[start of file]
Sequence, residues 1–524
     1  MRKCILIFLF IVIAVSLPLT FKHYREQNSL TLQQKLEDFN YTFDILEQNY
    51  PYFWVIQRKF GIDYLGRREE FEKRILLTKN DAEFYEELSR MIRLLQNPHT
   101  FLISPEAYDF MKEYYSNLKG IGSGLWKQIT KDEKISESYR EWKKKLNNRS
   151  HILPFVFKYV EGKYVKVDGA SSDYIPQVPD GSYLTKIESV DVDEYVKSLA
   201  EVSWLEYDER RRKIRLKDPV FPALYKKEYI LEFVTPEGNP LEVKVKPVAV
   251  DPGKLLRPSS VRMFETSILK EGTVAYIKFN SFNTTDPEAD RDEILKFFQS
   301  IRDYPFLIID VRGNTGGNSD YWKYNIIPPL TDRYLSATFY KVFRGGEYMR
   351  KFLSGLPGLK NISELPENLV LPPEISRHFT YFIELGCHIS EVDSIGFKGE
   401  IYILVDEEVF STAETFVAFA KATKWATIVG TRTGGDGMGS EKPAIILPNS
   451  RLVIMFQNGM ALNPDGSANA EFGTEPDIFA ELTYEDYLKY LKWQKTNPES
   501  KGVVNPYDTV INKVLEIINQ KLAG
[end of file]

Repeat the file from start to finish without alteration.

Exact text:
Sequence, residues 1–524
     1  MRKCILIFLF IVIAVSLPLT FKHYREQNSL TLQQKLEDFN YTFDILEQNY
    51  PYFWVIQRKF GIDYLGRREE FEKRILLTKN DAEFYEELSR MIRLLQNPHT
   101  FLISPEAYDF MKEYYSNLKG IGSGLWKQIT KDEKISESYR EWKKKLNNRS
   151  HILPFVFKYV EGKYVKVDGA SSDYIPQVPD GSYLTKIESV DVDEYVKSLA
   201  EVSWLEYDER RRKIRLKDPV FPALYKKEYI LEFVTPEGNP LEVKVKPVAV
   251  DPGKLLRPSS VRMFETSILK EGTVAYIKFN SFNTTDPEAD RDEILKFFQS
   301  IRDYPFLIID VRGNTGGNSD YWKYNIIPPL TDRYLSATFY KVFRGGEYMR
   351  KFLSGLPGLK NISELPENLV LPPEISRHFT YFIELGCHIS EVDSIGFKGE
   401  IYILVDEEVF STAETFVAFA KATKWATIVG TRTGGDGMGS EKPAIILPNS
   451  RLVIMFQNGM ALNPDGSANA EFGTEPDIFA ELTYEDYLKY LKWQKTNPES
   501  KGVVNPYDTV INKVLEIINQ KLAG